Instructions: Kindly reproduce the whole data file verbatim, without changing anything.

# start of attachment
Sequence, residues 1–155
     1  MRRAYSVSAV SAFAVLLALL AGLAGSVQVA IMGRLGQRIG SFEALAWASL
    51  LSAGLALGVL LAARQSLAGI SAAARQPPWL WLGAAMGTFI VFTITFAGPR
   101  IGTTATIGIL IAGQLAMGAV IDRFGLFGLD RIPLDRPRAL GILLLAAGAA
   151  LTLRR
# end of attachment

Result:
Sequence, residues 1–155
     1  MRRAYSVSAV SAFAVLLALL AGLAGSVQVA IMGRLGQRIG SFEALAWASL
    51  LSAGLALGVL LAARQSLAGI SAAARQPPWL WLGAAMGTFI VFTITFAGPR
   101  IGTTATIGIL IAGQLAMGAV IDRFGLFGLD RIPLDRPRAL GILLLAAGAA
   151  LTLRR